MONDAY, Dec. 3, 2018 (HealthDay News) — Active-duty members of the U.S. military are much more open to the idea of mental health counseling than veterans, a new survey finds.
“There has been a fundamental shift in the military regarding attitudes on mental health, and we have seen real progress in reducing the stigmas associated with professional counseling,” said survey author Samantha Dutton. She is program director in the College of Humanities and Sciences at the University of Phoenix.
“However, for veterans, that has not translated into a shift in the perception of mental health. Many of our veterans served in a culture where talking about your feelings or seeking help was not widely accepted,” she added in a university news release.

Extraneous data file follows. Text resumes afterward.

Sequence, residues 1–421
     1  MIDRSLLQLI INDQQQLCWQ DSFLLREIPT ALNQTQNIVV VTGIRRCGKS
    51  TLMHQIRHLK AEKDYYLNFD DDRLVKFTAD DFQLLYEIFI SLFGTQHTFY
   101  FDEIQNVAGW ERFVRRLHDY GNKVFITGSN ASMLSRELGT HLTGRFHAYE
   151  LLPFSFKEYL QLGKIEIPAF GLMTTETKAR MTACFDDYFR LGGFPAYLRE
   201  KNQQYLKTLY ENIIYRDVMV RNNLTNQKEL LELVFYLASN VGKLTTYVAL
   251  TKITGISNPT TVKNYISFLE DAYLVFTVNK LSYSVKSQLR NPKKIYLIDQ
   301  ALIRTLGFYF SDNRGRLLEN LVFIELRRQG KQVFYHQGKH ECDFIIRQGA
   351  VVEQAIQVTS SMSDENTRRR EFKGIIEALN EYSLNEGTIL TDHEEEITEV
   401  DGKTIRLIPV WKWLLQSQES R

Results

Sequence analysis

The recently released survey results bear that out: More than 90 percent of all veterans and active-duty service members said mental health is as important as physical health. But only 30 percent of veterans have sought or considered mental health counseling, compared with 72 percent of active-duty service members.